Priebus, Ban­non named to se­nior White House roles

Daily Local News (West Chester, PA) - - OBITUARIES - By Lau­rie Kell­man

WASH­ING­TON >> Pres­i­den­t­elect Don­ald Trump named Repub­li­can Party chief Reince Priebus as White House chief of staff and con­ser­va­tive me­dia owner Stephen Ban­non as his top pres­i­den­tial strate­gist, two men who rep­re­sent opposite ends of the un­set­tled GOP.

In bring­ing Priebus and Ban­non into the White House, Trump is mak­ing over­tures to both tra­di­tional Repub­li­can cir­cles and the party’s anti-es­tab­lish­ment wing, which helped fuel the busi­ness­man’s po­lit­i­cal rise.

Priebus has deep ties to GOP con­gres­sional lead­ers, par­tic­u­larly House Speaker Paul Ryan. Ban­non pre­vi­ously ran the Bre­it­bart web­site, which was fiercely crit­i­cal of Repub­li­can lead­er­ship, in­clud­ing Ryan.

Ban­non was no­tably given top billing in the press re­lease an­nounc­ing the ap­point­ments, a cu­ri­ous ar­range­ment giv­ing that White House chief of staff is typ­i­cally con­sid­ered the most pow­er­ful West Wing job.

Un­der Ban­non’s ten­ure, the Bri­et­bart site pushed a na­tion­al­ist, anti-es­tab­lish­ment agenda and be­came one of the lead­ing out­lets of the so-called alt-right — a move­ment of­ten as­so­ci­ated with white supremacy and a de­fense of “Western val­ues.”

Nei­ther Priebus nor Ban­non bring sig­nif­i­cant pol­icy ex­pe­ri­ence to their new White House roles. Chiefs of staff in par­tic­u­lar play a sig­nif­i­cant role in pol­icy mak­ing, serv­ing as a li­ai­son to Cab­i­net agen­cies and de­cid­ing what in­for­ma­tion makes it to the pres­i­dent’s desk. They’re of­ten one of the last peo­ple in the room with the pres­i­dent as ma­jor de­ci­sions are made.

To­gether with Vice Pres­i­dent-elect Mike Pence, the tri­umvi­rate will lead Trump’s tran­si­tion to the White House and help guide his pres­i­dency, Trump said in a state­ment.

“I am thrilled to have my very suc­cess­ful team con­tinue with me in lead­ing our coun­try,” Trump said. He called Priebus and Ban­non “highly qual­i­fied lead­ers who worked well to­gether on our cam­paign and led us to a his­toric vic­tory.

Priebus called the ap­point­ment “an honor” and pre­dicted the bil­lion­aire “will be a great pres­i­dent for all Amer­i­cans.”

The ap­point­ments came af­ter a day in which Trump’s tough-talk­ing plan to rein in il­le­gal im­mi­gra­tion showed signs Sun­day of crack­ing, with the pres­i­dent-elect back­ing off his vow to build a solid wall along the south­ern U.S. bor­der and Ryan re­ject­ing any “de­por­ta­tion force” tar­get­ing peo­ple liv­ing in the coun­try il­le­gally.

Af­ter Trump told CBS’ “60 Min­utes” that his bor­der wall might look more like a fence in spots, the com­bat­ive bil­lion­aire took to Twit­ter to set­tle some scores.

Dur­ing a four-hour spree, Trump sav­aged the New York Times and gloated about the GOP stal­warts lin­ing up to con­grat­u­late him, brag­ging that staunch crit­ics and GOP ri­vals John Ka­sich, Mitt Rom­ney and Jeb Bush had sent at­taboys. For­mer pres­i­dents Ge­orge W. and Ge­orge H.W. Bush also had sent their “best wishes on the win. Very nice!” The New York Times, Trump wrote to his 14 mil­lion fol­low­ers, is “dis­hon­est” and “highly in­ac­cu­rate.”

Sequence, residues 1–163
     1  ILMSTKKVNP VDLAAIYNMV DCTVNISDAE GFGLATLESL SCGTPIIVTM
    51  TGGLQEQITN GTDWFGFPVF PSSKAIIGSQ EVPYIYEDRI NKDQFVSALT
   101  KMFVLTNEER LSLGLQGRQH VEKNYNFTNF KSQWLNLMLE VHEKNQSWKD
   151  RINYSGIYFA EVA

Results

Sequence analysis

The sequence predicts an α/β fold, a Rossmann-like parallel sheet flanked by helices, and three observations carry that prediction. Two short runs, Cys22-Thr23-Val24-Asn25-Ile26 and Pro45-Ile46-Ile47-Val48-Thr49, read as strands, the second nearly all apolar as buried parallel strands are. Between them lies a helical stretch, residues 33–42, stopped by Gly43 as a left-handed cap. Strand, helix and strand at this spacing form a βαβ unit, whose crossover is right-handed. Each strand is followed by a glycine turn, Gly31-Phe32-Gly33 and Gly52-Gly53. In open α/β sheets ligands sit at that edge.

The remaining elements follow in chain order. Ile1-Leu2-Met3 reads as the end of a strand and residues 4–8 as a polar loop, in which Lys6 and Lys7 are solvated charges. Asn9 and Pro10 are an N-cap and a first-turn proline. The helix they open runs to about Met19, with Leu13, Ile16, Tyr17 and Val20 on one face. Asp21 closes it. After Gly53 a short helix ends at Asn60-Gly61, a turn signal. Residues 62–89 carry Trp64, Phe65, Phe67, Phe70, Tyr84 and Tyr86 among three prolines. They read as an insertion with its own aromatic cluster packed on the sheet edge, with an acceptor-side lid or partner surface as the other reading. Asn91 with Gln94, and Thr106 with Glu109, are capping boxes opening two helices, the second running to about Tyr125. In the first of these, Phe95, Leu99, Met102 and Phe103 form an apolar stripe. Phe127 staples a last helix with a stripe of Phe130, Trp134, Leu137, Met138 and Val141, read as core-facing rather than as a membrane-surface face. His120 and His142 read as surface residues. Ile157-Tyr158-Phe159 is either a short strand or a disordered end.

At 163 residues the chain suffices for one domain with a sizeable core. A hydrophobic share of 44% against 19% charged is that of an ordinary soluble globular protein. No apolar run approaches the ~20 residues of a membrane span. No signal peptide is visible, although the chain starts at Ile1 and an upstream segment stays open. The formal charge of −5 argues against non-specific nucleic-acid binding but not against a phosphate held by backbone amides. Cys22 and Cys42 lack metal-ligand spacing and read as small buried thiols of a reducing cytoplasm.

As Trump re­venge-tweeted, threats flew be­tween power bro­kers, and protests across the coun­try con­tin­ued.

The pres­i­dent-elect re­treated from the cam­paign prom­ise that had in­spired his sup­port­ers to chant “Build the wall!” at Trump’s mas­sive cam­paign ral­lies.

Would he ac­cept a fence in some spots on the bor­der? In an in­ter­view to be aired Sun­day, Trump told “60 Min­utes”: “For cer­tain ar­eas, I would, but cer­tain ar­eas, a wall is more ap­pro­pri­ate. There could be some fenc­ing.”

Ex­cerpts of the in­ter­view were re­leased in ad­vance.

Trump also had vowed to im­me­di­ately de­port all 11 mil­lion peo­ple liv­ing in the coun­try il­le­gally. But in the in­ter­view, he said he’s fo­cus­ing first on oust­ing or incarcerating 2 mil­lion to 3 mil­lion “that are crim­i­nals and have crim­i­nal records, gang mem­bers, drug deal­ers.” Trump em­pha­sized that se­cur­ing the bor­der is his very first im­mi­gra­tion pri­or­ity.

On that, Ryan agreed. But on CNN’s “State of the Union,” Ryan re­jected the kind of “mass de­por­ta­tions” Trump had cham­pi­oned dur­ing the cam­paign.

“We are not plan­ning on erect­ing a de­por­ta­tion force,” Ryan said.

More ten­sion emerged Sun­day when Trump’s cam­paign man­ager, Kellyanne Con­way, said Se­nate Demo­cratic Leader Harry Reid should be care­ful in a “le­gal sense” about char­ac­ter­iz­ing Trump as a sex­ual preda­tor. When asked whether Trump was threat­en­ing to sue Reid, Con­way said no.

But Adam Jentle­son, Reid’s deputy chief of staff, said Trump is “hid­ing be­hind his Twit­ter ac­count and send­ing his staff on TV to threaten his crit­ics.”


Pres­i­dent-elect Don­ald Trump, left, stands with Repub­li­can Na­tional Com­mit­tee Chair­man Reince Priebus dur­ing an elec­tion night rally early Wed­nes­day in New York. Trump on Sun­day named Priebus as his White House chief of staff.

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